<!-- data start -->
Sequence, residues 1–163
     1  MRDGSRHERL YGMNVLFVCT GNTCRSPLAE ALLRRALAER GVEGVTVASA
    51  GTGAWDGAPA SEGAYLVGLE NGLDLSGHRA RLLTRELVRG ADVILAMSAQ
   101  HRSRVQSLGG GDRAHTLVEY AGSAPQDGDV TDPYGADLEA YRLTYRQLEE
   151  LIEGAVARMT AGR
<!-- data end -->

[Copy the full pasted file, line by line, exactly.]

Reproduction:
Sequence, residues 1–163
     1  MRDGSRHERL YGMNVLFVCT GNTCRSPLAE ALLRRALAER GVEGVTVASA
    51  GTGAWDGAPA SEGAYLVGLE NGLDLSGHRA RLLTRELVRG ADVILAMSAQ
   101  HRSRVQSLGG GDRAHTLVEY AGSAPQDGDV TDPYGADLEA YRLTYRQLEE
   151  LIEGAVARMT AGR